So next time you are cruising the isles at the store thinking about stuffing your child with a Nestle's product think of this ahole.

Reminds me of the cold logic of the Nazis.

Meck77
08-11-2013, 12:08 PM
Reminds me of the cold logic of the Nazis.

It's unbelievable how candid he was. I did cross check to make sure that the man speaking was the CEO of Nestle and it was. A quick google imagine search verified. You see I believe it's important to at least try and verify the information we post in this forum and not use "Don't shoot the messenger" as a excuse for just posting random garbage not based on any fact at all.

If we demand responsibility from farmers to grow healthy food as members of this community I feel we are responsible to try and post FACTUAL information the best we can to help one another.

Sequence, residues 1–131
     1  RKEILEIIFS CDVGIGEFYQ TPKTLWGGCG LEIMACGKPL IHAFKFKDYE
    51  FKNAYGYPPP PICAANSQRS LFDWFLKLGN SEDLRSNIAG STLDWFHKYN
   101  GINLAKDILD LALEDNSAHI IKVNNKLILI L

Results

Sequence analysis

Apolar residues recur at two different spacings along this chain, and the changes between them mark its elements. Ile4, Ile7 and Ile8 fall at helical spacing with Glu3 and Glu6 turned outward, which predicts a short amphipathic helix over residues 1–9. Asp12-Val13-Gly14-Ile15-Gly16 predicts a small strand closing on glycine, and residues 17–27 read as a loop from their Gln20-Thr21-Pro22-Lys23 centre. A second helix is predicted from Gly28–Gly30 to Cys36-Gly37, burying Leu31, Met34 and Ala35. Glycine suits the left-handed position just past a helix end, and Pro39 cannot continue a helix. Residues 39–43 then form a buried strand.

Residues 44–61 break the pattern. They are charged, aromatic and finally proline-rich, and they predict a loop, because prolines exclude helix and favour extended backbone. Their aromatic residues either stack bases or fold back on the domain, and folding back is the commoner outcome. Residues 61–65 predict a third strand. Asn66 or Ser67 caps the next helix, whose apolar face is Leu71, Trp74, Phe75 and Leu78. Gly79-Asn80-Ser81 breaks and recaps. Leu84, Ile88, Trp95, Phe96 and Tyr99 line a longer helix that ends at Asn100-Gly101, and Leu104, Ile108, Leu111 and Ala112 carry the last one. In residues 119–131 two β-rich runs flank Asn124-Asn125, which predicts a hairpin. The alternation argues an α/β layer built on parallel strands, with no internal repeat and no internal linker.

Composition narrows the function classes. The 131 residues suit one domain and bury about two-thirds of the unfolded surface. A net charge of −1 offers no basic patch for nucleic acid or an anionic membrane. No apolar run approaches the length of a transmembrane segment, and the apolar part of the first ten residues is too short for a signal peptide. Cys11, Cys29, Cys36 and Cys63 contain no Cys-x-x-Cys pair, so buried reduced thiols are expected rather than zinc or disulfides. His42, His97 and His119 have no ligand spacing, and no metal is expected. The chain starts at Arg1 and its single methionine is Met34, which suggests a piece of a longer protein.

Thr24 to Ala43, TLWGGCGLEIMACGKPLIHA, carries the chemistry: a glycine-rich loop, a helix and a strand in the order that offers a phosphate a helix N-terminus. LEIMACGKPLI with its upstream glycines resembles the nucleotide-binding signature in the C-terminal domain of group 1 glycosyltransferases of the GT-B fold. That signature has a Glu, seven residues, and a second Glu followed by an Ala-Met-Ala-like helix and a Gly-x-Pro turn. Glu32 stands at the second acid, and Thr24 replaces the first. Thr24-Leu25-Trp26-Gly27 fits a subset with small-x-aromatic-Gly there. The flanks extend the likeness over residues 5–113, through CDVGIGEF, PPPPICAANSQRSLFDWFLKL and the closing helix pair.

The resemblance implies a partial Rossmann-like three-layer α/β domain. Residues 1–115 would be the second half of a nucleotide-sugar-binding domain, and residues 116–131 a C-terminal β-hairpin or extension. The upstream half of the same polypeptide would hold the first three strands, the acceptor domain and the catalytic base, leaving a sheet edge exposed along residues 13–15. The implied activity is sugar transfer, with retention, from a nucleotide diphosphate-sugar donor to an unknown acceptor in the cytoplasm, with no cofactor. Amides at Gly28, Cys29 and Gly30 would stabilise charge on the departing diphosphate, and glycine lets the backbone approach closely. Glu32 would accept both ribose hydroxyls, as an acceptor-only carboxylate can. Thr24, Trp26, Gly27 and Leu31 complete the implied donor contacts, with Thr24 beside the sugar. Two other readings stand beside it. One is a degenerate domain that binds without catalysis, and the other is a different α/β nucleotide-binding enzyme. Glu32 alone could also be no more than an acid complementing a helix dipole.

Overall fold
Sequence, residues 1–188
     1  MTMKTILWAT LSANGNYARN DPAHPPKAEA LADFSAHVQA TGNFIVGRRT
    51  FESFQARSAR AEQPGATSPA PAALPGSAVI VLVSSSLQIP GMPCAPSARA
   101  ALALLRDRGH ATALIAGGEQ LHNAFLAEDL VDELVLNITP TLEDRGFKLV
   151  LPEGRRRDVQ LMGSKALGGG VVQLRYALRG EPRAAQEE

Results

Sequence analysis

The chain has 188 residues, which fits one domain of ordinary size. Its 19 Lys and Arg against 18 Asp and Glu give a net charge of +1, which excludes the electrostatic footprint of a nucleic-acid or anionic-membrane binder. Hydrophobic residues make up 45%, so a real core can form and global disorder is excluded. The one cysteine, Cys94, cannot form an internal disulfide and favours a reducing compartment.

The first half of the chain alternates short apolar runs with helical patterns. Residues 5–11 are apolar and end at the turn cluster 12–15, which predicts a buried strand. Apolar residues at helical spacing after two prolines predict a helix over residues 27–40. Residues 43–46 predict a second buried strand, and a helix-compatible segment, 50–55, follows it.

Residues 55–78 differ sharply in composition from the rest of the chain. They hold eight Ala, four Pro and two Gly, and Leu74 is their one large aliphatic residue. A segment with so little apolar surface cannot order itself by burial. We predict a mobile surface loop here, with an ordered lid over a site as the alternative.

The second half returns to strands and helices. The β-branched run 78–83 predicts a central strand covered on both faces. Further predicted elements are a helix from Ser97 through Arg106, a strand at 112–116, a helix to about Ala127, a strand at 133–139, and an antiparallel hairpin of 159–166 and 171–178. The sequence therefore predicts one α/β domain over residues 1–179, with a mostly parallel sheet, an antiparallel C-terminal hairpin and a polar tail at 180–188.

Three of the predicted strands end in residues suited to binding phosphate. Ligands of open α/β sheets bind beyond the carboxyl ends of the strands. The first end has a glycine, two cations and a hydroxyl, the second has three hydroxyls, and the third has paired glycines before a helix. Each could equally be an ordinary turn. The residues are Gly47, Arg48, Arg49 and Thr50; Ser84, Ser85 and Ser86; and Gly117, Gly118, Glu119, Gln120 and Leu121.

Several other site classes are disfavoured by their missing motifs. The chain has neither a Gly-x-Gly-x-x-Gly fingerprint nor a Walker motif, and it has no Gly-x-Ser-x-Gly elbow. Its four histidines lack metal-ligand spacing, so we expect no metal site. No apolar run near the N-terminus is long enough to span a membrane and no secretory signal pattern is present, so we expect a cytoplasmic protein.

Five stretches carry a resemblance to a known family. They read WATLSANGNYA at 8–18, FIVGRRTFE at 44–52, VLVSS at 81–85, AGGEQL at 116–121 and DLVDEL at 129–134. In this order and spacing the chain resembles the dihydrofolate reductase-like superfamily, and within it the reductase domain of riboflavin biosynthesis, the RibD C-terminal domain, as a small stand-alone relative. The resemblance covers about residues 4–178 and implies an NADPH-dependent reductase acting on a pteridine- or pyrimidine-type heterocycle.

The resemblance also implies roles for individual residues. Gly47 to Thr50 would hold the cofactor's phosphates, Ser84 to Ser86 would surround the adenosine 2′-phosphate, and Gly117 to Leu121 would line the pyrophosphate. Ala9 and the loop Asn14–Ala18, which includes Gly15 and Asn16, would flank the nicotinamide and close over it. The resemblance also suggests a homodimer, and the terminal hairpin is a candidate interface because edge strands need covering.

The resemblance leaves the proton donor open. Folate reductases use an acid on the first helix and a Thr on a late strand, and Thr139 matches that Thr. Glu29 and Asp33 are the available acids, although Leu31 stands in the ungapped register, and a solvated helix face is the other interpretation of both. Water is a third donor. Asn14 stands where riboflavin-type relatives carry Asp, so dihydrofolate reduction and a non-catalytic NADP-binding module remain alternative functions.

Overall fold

baja
08-11-2013, 12:32 PM
It's unbelievable how candid he was. I did cross check to make sure that the man speaking was the CEO of Nestle and it was. A quick google imagine search verified. You see I believe it's important to at least try and verify the information we post in this forum and not use "Don't shoot the messenger" as a excuse for just posting random garbage not based on any fact at all.

If we demand responsibility from farmers to grow healthy food as members of this community I feel we are responsible to try and post FACTUAL information the best we can to help one another.

Plenty of material floats through here with no research at all by the poster and sadly admittedly.


Translation; The stuff I don't believe